Yasukuni Shrine: My Grandfather Died For This Country

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Yasukuni Shrine, located in the centre of Tokyo is undeniably beautiful and rather serene, at least from the outside. Why then, does this place of quiet worship enrage so many in northeast Asia whenever Japanese dignitaries visit the shrine? What is it about Yasukuni that causes South Korea to cancel its foreign minister’s trip to Japan and China to whip yet more shit up about uninhabited rocks in the sea?

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Well, that’s probably down to the alternative history lesson inside the shrine’s museum, and the fact that around a thousand souls (of roughly 2 million in total) enshrined within Yasukuni were executed as war criminals.

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Obviously, the shrine wasn’t originally built as a graveyard for war criminals. It was actually constructed in 1869 to honour those who died during the complicated series of uprisings and civil bloodshed known to history as the Boshin War (thankfully, Hollywood simplified the whole rotten affair in Tom Cruise’s seminal film, The Last Samurai). Ever since then Yasukuni Shrine has been used – in its own words – “to commemorate those who dedicated their precious lives to their mother country.”

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I have to admit; before scooting off to Tokyo last week, I thought the controversy boiled down to nothing more than northeast Asia’s lingering animosity towards Japan, and the region’s general xenophobia. I assumed I’d go there and type a piece on how revering war criminals is, of course, bang out of order, yet most national heroes are complete arseholes drenched in the blood of innocents.

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As I expected, the grounds at Yasukuni were peacefully theatrical. The huge iron gates that lead up to the shrine are particularly impressive. I overheard a Korean camera crew filming the shrine and wondered how impartial that report was likely to be. People were praying silently and my blissful ignorance left me quite at ease. It was when I walked into the museum however that I began to see where the controversy surrounding Yasukuni stems from.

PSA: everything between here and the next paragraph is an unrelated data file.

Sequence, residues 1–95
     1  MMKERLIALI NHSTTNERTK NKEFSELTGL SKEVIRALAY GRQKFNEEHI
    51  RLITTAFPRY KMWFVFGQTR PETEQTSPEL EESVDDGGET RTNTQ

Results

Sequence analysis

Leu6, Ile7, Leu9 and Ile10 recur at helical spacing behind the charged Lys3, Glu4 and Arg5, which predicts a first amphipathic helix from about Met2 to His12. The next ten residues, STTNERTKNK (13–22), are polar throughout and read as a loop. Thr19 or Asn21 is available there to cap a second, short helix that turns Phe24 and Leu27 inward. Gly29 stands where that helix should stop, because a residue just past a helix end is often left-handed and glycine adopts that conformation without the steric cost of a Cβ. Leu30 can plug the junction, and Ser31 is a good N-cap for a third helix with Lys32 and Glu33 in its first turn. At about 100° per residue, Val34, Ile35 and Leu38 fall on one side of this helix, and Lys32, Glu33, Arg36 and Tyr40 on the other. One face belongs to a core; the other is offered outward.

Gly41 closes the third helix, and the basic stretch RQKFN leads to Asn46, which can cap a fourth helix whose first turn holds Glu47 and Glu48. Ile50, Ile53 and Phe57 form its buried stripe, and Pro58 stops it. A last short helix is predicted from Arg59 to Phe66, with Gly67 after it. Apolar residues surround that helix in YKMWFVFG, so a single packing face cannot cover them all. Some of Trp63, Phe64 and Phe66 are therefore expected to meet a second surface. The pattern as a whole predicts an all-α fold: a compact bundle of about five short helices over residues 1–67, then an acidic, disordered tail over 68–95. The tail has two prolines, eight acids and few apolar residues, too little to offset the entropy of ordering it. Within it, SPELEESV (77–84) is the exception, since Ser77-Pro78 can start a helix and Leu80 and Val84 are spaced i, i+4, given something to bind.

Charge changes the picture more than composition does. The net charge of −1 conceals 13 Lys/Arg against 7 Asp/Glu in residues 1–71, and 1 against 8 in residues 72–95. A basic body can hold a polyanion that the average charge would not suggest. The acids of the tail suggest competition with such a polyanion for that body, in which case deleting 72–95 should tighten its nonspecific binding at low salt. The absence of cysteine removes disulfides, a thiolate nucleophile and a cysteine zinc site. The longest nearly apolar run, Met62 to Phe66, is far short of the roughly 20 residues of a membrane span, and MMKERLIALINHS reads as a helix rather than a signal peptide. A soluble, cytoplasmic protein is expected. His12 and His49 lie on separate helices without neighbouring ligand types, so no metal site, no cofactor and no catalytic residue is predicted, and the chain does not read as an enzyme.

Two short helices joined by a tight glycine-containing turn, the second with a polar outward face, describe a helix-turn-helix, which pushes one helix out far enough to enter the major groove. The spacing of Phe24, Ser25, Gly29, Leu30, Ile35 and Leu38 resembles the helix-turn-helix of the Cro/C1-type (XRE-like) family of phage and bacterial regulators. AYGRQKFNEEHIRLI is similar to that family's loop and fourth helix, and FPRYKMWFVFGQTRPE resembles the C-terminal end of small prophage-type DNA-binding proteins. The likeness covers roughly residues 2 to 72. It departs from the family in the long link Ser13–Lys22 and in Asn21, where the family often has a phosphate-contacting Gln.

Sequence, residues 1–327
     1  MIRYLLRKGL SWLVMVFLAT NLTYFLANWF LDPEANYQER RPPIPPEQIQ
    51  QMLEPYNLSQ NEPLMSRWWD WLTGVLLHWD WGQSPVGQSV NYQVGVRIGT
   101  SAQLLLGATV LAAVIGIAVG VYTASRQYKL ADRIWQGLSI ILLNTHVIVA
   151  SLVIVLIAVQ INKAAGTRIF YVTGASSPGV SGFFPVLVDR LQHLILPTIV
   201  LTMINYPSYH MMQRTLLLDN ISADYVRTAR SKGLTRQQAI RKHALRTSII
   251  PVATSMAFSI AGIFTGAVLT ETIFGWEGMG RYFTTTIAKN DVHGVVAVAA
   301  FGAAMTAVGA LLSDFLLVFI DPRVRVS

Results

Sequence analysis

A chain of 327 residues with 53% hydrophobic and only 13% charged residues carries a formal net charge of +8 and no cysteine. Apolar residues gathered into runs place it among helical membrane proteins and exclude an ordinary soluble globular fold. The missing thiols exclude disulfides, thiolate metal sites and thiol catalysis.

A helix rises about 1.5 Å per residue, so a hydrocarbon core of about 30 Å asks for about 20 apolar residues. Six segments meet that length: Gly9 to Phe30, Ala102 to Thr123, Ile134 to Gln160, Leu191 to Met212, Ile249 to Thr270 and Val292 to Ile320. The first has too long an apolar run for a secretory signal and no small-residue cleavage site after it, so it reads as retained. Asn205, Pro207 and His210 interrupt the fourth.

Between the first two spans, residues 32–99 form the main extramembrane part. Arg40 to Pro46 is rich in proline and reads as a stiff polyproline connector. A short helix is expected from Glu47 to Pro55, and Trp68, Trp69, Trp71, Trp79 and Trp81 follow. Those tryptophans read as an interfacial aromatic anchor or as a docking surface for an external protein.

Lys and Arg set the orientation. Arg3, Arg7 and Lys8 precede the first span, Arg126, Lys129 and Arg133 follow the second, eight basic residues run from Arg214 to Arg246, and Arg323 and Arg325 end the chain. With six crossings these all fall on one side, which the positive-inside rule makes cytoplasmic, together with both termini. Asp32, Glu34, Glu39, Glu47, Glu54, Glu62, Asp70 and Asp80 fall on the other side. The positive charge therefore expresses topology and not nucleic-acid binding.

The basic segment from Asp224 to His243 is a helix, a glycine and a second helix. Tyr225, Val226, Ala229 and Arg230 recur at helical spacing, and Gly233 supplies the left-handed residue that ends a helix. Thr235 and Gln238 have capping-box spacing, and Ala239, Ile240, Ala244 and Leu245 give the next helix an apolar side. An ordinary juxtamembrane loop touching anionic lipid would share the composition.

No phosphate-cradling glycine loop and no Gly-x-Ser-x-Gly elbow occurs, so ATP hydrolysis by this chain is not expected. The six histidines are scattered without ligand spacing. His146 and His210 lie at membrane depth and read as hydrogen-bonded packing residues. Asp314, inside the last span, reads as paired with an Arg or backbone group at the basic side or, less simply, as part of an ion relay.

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The museum is wildly patriotic. It starts off by displaying all the awesome samurai gear you’d expect, but then leaps to the late 19th / early 20th century describing the start of Japan’s overseas Empire. One display shows the western superpowers encircling Japan implying that empire was forced upon it, which to be honest, is pretty much true. However all the descriptions of what lead up to the East Asia War (as WW2 in called in Japan), the annexation of Korea, the creation of Manchuria, the seizing of Hong Kong & Singapore, the bombing of Pearl Harbour etc. are all incredibly vague. Of course, not a word is mentioned of the calamity at Nanking. The most delusional display in the whole museum was a map of Asia that had on it the dates, flags and portraits of all the independence leaders in the region. Under the map was this quote:

“In the early stages of the East Asia War, Japan’s victories inspired the rest of Asia to gain independence from the western superpowers.”

I wondered what people from Korea, Manchuria, China, the Philippines, Taiwan, Hong Kong, Singapore, India, Thailand, Vietnam, Indonesia etc. would think of that statement? Had they not tried to overthrow their oppressors before? Or could they only do that once Japan had showed them how? What about the Boxer rebellion, the annexation of Korea or the puppet state of Manchukuo?